Being here in Hong Kong we have a great opportunity to reach a large number of mainland guests who probably don’t have the opportunity to see many of these animals in any other location. Certainly we want to show them the highest level of standards in terms of how we care for our animals; how we present those animals. We feel like we’re on the leading edge of that in terms of natural behaviours; making sure that we’re giving them a very critical message when they’re enjoying the animal presentations.”
How Ocean Park Actively Engages with the Public
A little over two years Ocean Park Hong Kong made headlines. This was because of its decision not to include Beluga whales as part of its North Pole Encounter.
“The facility was designed for Beluga whales. It’s still designed for Beluga whales. We ended up building it; it’s prepared; it’s large enough. We had had quite a thorough research project. This studied the population of a particular area of whales we were looking at from Russia. Ultimately the decision for us was that it wasn’t the right time for us to bring in these whales.”
The decision was made by Ocean Park’s CEO and the chairman of its Board of Directors. They did extensive research and concluded that no purpose would be served by bringing the animals to the Park. It was a popular decision that put animal welfare before any profit motive, and a shrewd one, avoiding potential controversy.
Hougland adds, “We do listen to our public. We listen to the general public and we listen to the green groups. Also, we try to actively engage with those groups. Even when it goes back to the dolphin presentation that I was talking about earlier when we did our renovation. We met with them a number of times to hear their concerns about the dolphin presentation. Considered what they thought was acceptable. We addressed thise concerns and tried to weave them in. Especially making sure that we were giving the right message to our audience.”
The Mechanics of Park Management
Ocean Park is one of the most visited parks in the world. It has a growing annual attendance that currently stands at 7.5 million.
“It is a challenge. We make sure we plan and – when we went through our redevelopment – design the Park to ensure we provide enough entertainment units. We try to schedule our shows intuitively. This means that our dolphin presentation, for instance, is very large and has a big audience who come out at the same time. So we have to manage the guest flow. Our Park Operations team monitors that on an ongoing basis. This is ifor every attraction, every ride and every show. Length of stay is also important in the two sections of our park. We look at length of stay in the Waterfront versus the Summit. We also look at how many guests are in each area so that we can determine if we need to deploy staff for transportation.”
One section of Ocean Park, the Waterfront, is at the base of the hill. The other, at the top, known as The Summit, is reached by cable car, the Ocean Express funicular railway, or Hong Kong’s second longest open-air escalator.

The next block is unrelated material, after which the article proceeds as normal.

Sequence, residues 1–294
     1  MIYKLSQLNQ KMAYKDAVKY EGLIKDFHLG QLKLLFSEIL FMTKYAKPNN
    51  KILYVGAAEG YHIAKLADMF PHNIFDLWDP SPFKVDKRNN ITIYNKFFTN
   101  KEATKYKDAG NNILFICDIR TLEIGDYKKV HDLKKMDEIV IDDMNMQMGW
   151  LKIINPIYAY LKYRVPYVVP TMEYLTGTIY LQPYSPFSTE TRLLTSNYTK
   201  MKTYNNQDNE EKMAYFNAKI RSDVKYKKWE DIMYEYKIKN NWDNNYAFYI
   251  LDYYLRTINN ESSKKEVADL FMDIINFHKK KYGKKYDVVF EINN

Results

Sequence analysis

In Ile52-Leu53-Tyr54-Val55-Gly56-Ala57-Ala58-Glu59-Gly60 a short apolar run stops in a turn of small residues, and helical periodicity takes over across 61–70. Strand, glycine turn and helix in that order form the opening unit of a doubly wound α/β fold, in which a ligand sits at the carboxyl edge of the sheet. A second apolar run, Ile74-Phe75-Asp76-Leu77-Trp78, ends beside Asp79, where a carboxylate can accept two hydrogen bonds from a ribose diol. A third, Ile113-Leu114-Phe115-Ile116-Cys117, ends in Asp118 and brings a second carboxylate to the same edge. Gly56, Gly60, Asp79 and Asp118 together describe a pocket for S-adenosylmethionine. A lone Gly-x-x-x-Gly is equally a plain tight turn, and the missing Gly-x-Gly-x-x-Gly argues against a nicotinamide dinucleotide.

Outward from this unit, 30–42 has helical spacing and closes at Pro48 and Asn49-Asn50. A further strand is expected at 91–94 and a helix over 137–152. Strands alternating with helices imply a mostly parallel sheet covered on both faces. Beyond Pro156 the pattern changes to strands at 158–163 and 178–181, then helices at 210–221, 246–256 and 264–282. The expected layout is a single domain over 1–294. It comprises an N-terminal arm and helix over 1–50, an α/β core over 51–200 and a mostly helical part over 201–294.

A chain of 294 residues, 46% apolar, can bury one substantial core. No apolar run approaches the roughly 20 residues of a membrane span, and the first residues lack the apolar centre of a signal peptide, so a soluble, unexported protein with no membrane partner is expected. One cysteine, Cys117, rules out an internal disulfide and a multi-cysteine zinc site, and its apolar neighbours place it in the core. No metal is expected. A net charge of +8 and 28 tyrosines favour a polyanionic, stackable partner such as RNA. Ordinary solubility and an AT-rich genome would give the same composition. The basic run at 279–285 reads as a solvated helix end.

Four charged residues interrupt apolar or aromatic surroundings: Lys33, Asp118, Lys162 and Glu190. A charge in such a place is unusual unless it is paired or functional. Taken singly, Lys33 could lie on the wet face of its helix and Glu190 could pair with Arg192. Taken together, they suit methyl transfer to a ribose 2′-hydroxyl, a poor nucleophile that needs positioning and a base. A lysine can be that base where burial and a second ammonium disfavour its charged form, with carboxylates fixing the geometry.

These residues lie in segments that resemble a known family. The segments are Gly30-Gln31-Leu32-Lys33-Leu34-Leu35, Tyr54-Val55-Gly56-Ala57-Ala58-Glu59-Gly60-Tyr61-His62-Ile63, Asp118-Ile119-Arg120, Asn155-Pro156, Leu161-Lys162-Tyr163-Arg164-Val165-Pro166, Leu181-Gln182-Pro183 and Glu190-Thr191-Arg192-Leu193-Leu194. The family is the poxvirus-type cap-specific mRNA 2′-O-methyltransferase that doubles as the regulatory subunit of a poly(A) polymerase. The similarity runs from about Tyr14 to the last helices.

“Our biggest challenge at the Park is those transportation systems between the areas. The cable cars and the Ocean Express funicular train are key. We have to be able to move guests up and down the mountain. So we’re constantly looking at how many guests are in the Park and how many guests are in the different sections of the Park. We’ve introduced a few things during some key seasons.”
Apps and Analysis
For the Halloween season and the big Halloween Fest, the Park introduced a scheduler app. This was from Danish company Entertainment Booking Concepts. Guests can download the app for free when they get into the Park. They can then use it to schedule five of the attractions, and the app tells them when to go to each. Once there, they have priority access and don’t have to wait in line.
“So it’s able to disperse the guests because it knows when we have peak hours. When we have additional hours and we want to push people to… let’s say, the Waterfront at 8.pm. It’s not a huge number of people but it’s a way that gives our guests the ability to have a priority access. It is limited in terms of the capacity. However, we’ve seen a great boost in terms of guest service because they see it as an option. They certainly enjoy that it’s free. We do spend some money on it.”
Though the app is only in use at the moment at specific events and seasons, Hougland is evaluating the use of something similar as a long-term option. He adds, “We’re also developing an internal management app that will be able to track all of our guest flow electronically. All of our management team would be able to see that via i-phones or i-pads. They would be able to deploy based on where we see issues in the Park. When you’re dealing with 7.5 million visitors a year, guest flow and finding those choke points is absolutely critical.
“We’ve just started segmenting our forecast of attendance so we can look at our groups versus non-group guests, because the way they enjoy the Park is very different. If they’re on a tour group they might come later in the afternoon, they go to certain rides and attractions. But our non-group guests are locals or independent travellers from mainland China who are not on a tour package, and they will experience the Park a separate way. So looking at that segmented forecast we can plan and deploy our staff in a more targeted manner.”
The Future for Ocean Park Hong Kong
For Ocean Park the long-term development plan is as a resort. Two hotels and a waterpark are in development.
“We’re getting ready to break ground for the first hotel this winter. That’s really where we see the future for Ocean Park: creating that resort approach. In terms of attendance and attractions we’re constantly looking at renewal – I think everyone in the industry is always looking at new ways to engage the guests. Although we just finished a major new development in 2012 there are still areas of the Park that we have on our drawing boards for redevelopment and enhancement.
“For me personally, I’m excited to continue to grow. I started in entertainment, and now in terms of operations I’ve had a great opportunity over the last four years to really learn many other aspects of this industry. I enjoy it tremendously.”
Hougland is the IAAPA Entertainment Committee chairman, and also on the Education Committee.
“I enjoy being a part of our industry and sharing with others, whether they’re here in Asia or across the world. 1986 is when I started in this business as the best summer job in the world. Almost 30 years later, I’m still doing my summer job.”